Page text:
Flowers, Feathers, and Fedoras

Dec 19, 2018 | 2 comments

You seldom see umbrellas here on the Peninsula.  It’s just a fact of life.  On the days when you’d really need one, the rain is coming sideways and the winds would blow any self-respecting bumbershoot inside out in a trice.  Or more likely, right out of your hand and down the road. We who live here are at two (or maybe three or four) with umbrellas.

I think it’s always been that way here at the beach. But it’s not necessarily a northwest thing.  Nyel says that when he first arrived at the ‘U’ in the early sixties, one of the things he noticed was that everybody on campus carried an umbrella.  So why there and not here?  And why in my girlhood did my mother carry an umbrella in California but not when we were in Oysterville, even in the wintertime.

I have been pondering these somewhat drippy thoughts intermittently (like the rain these last few days) since the phone call I received asking about a golf umbrella left in the vestibule of the church.  “My husband used it the day of the Christmas Program to help people get into the church without getting drenched,” the caller said.

I knew exactly what she meant.  The gutter over the small porch roof has given way and the raindrops line up there so that they can rush in torrents down your neck as you enter the church.  It’s a problem that’s being taken care of but, in the meantime… an umbrella is the only answer.  On Sunday afternoon the man with the golf umbrella (like the doorman at a fancy hotel) helped many of us arrive at the program comfortably dry.  A hero with a golf umbrella at the Oysterville Christmas Program!  Who’d a thunk it?

I wonder if the use of umbrellas is dependent upon how we are dressed.  I don’t remember my mother wearing fancy hats with feathers and flowers here in Oysterville when we came for visits.  She left those “dress-for-the-city” outfits (including hats) behind right along with her umbrella when she came here during vacations.  No feathering or flowering headwear to protect.  And, in the London of my younger days, when every businessman wore a fedora or a bowler, an umbrella was insurance against having to take the hat for re-blocking at the haberdashery.  But are bowlers and brollies still de rigueur on Fleet Street?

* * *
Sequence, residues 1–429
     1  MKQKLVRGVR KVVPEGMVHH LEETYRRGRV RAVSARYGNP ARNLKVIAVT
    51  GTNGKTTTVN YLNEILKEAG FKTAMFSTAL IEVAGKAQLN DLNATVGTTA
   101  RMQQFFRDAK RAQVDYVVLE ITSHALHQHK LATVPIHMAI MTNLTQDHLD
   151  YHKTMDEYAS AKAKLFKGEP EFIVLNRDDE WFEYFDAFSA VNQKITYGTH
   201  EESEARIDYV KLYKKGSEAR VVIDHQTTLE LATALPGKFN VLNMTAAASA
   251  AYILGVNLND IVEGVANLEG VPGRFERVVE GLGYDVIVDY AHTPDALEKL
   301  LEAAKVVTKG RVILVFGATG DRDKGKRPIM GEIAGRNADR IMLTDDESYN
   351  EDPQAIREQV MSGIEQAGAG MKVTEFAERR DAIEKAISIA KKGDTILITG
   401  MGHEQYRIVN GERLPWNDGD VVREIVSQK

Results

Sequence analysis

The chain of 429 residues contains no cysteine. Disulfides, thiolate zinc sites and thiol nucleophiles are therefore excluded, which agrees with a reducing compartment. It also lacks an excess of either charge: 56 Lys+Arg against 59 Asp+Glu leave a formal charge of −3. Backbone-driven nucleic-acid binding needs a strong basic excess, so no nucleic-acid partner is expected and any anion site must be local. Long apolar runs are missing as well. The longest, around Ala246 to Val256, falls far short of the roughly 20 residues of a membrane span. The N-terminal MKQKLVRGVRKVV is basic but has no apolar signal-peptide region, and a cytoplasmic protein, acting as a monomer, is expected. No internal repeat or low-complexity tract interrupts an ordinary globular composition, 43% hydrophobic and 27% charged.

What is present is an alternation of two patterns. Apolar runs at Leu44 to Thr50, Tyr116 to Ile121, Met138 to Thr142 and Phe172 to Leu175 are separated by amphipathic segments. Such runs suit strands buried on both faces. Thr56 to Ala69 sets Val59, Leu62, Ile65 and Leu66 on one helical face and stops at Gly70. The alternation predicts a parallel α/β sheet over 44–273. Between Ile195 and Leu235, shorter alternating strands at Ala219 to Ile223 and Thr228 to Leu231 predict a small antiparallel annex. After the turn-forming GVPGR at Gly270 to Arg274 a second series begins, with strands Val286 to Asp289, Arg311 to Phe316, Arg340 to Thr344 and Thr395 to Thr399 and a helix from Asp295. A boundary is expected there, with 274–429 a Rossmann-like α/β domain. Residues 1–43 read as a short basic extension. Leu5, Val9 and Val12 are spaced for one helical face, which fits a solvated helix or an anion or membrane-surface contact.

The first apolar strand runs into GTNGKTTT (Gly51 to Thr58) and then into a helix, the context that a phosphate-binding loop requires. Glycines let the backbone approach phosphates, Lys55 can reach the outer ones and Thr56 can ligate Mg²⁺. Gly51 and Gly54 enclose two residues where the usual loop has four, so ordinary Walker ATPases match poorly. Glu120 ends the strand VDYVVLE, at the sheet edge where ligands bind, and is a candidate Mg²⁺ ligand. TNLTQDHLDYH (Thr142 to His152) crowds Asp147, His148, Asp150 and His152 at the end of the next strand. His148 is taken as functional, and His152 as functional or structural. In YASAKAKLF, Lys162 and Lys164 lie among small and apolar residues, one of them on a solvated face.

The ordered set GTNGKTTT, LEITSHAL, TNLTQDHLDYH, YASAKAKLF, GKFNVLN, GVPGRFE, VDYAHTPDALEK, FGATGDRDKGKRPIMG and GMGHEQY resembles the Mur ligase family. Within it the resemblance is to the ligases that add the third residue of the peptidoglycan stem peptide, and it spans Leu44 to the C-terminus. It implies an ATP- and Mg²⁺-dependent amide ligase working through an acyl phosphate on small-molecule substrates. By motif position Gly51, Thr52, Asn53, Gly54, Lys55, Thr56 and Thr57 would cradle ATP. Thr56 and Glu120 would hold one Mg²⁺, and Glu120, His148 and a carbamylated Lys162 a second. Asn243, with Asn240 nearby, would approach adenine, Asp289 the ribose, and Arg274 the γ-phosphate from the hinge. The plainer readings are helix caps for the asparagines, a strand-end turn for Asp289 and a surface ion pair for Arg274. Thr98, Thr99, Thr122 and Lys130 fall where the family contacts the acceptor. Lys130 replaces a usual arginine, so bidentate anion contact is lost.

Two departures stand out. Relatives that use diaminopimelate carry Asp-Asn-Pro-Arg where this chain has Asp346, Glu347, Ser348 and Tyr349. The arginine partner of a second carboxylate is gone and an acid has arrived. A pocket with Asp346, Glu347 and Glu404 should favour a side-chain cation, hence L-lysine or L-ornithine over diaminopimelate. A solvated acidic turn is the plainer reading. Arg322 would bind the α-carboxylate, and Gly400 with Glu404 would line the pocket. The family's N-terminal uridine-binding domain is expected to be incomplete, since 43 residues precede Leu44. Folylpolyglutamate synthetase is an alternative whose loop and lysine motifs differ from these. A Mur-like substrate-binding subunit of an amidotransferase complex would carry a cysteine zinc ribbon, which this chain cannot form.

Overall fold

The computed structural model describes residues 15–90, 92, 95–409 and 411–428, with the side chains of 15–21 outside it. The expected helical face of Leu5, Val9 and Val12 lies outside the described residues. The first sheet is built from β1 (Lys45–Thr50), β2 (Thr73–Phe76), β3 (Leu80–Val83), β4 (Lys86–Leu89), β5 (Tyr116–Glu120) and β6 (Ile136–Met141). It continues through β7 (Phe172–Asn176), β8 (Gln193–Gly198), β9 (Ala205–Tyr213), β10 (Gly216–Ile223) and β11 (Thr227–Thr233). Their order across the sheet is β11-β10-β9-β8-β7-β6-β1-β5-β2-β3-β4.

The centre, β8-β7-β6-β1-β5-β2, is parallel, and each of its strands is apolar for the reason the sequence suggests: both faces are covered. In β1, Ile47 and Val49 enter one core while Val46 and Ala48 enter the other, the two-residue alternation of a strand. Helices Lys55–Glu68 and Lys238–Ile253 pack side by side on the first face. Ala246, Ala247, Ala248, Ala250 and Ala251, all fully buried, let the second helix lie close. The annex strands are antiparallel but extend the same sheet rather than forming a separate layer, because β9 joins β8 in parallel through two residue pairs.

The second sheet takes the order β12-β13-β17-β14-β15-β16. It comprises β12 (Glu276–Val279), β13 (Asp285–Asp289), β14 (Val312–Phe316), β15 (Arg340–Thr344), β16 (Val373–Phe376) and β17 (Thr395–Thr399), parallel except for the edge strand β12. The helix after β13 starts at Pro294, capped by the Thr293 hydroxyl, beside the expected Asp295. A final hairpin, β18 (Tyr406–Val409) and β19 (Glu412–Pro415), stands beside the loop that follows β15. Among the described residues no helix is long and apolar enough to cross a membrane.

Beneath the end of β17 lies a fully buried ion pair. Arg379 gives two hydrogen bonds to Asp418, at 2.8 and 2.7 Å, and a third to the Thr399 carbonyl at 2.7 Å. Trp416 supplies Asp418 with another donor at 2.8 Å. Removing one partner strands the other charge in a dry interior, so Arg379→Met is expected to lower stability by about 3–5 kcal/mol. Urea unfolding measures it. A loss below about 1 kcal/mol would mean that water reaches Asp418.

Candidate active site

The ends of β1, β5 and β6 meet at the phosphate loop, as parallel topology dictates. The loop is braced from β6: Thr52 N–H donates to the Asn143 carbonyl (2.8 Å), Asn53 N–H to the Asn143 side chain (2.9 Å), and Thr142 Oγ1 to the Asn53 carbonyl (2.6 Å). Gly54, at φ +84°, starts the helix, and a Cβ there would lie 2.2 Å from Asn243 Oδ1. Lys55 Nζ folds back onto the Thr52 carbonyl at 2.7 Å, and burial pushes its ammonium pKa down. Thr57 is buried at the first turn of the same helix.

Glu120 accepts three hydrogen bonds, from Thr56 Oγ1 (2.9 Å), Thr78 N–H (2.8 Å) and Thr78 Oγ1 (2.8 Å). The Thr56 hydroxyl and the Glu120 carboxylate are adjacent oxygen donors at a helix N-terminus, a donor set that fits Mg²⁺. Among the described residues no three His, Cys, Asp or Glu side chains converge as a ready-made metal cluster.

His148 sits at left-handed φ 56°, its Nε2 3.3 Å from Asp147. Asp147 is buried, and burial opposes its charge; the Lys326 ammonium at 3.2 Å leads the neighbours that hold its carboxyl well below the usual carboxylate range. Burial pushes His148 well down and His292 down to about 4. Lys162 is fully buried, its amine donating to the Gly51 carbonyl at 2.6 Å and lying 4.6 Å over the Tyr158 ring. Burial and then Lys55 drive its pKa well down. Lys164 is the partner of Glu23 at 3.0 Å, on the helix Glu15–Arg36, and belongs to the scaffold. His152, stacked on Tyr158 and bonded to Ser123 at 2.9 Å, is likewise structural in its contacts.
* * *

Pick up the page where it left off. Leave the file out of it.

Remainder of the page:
Here, where slickers and sou’westers were the uniform-of-the-day, maybe umbrellas weren’t considered necessary.  And nowadays, dressing up isn’t likely to include a fancy chapeau for the ladies or a fedora for the men.  I wonder how many ‘locals’ even own an umbrella… or, if they do, where and when they last used it.  I’m pretty sure it wasn’t going to the Oysterville Church last Sunday!


  1. Bruce Jones

    My Mom, growing up in Ilwaco, said she was 12 before she learned that rain could fall straight down. She had never seen it do so and never bothered with umbrellas.

  2. Dian Schroeders

    I actually have two umbrellas, one lives in the front foyer closet – the other in the way-back in my car … don’t think either has ever gotten wet. But they remain, each in their place “just in case”.


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